Marxist socialists in the West let themselves be tempted by the apparent short cut of a dedicated Leninist party seizing power and rebuilding society from scratch. Marxists in the West had no excuse for not knowing that this was being done against the will of the majority of the population. Marxists in the West weren’t happy with it, but generally felt that progress was more important than the will of the majority. And since we have no way of knowing how the world would have shaped up without the development of a strong and successful USSR between the 1920s and the 1950s, it is hard to say if they were right or wrong. This is not the main point I am talking about in this article.
The Bolsheviks in Russia were a radical minority who were imposing their ideas on the rest of the society. That is to say, they were actually doing what the Modernist artists wished to do but could not. It is thus not surprising that writers and artists whose ideas were not in any serious sense socialist identified themselves with Bolshevism. It was not a simple relationship. The USSR was in fact to drop Modernism in favour of Socialist Realism – which was actually a form of idealised Socialist Surrealism, life as the Communist Party would have liked it to be. But the link remained, and is still not completely lost.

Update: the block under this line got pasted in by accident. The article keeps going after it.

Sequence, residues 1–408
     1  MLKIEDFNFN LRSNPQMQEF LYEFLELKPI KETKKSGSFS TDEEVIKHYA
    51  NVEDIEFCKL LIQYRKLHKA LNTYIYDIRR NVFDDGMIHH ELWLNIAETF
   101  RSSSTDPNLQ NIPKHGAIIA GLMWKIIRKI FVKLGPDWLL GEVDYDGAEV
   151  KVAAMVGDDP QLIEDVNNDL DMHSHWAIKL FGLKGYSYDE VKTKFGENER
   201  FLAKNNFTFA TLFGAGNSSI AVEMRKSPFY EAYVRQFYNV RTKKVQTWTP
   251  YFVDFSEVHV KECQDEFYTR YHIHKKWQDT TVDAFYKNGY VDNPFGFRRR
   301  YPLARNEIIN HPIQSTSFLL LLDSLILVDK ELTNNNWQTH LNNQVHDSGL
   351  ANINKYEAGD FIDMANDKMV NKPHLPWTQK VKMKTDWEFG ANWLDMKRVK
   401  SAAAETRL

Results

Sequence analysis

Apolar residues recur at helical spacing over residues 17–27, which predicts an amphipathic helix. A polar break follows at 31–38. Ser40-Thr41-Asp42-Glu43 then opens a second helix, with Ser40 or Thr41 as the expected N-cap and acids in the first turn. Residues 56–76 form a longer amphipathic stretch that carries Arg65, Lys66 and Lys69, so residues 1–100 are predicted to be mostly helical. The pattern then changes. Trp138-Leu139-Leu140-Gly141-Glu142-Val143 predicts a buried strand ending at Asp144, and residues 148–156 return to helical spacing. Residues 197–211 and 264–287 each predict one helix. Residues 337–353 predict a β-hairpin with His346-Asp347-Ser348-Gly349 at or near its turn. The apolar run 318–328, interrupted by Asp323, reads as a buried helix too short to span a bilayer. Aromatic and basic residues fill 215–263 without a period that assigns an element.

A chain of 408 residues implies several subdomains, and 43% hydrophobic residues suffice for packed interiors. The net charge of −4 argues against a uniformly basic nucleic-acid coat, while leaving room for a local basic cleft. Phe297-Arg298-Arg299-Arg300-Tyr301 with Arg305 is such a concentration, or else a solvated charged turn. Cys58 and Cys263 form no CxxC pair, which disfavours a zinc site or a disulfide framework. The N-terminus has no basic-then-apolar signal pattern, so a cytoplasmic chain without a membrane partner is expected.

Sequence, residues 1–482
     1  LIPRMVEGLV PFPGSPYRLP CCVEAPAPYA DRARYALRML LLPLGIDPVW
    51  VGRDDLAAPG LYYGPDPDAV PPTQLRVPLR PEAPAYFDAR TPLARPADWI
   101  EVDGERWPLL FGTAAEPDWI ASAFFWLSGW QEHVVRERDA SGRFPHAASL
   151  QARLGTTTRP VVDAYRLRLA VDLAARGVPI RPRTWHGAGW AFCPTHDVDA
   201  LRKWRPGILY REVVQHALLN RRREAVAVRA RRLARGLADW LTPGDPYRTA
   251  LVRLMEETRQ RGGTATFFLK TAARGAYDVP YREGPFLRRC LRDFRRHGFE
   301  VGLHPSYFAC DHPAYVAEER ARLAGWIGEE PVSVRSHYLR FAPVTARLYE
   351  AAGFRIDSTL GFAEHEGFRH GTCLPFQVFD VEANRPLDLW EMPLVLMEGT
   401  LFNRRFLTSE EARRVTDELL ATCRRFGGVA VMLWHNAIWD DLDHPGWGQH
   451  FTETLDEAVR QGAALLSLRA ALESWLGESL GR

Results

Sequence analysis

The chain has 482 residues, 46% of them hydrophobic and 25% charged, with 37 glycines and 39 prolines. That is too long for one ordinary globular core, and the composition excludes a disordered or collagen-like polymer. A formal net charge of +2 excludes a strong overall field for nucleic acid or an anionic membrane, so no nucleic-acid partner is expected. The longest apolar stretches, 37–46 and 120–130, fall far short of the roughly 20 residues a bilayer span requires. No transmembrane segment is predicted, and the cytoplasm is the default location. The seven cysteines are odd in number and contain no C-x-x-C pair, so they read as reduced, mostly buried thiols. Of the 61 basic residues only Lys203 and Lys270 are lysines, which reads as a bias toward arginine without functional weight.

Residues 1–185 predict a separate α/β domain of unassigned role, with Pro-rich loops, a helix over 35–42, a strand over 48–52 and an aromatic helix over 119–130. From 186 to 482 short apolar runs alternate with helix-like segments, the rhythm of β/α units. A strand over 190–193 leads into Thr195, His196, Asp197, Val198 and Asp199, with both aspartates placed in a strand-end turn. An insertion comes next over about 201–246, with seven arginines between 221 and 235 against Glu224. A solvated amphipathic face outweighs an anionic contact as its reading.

It was not only Bolsheviks who attracted a crowd of Modernist ‘groupies’. Both Italian Fascism and the German Nazis got their share. Ezra Pound is the best known example, but Dali was happy to identify himself with Fascism, though people have tried to play down this side of him. Then there was T. S. Eliot, who opted for a right-wing Christianity rather than for Fascism. However much people try to deny it, it’s clear that there is a definitely anti-semitic feeling in some of his poems – he even wrote Jew as “jew”. (And, of course, he was an excellent poet despite the obnoxiousness of some of his beliefs.)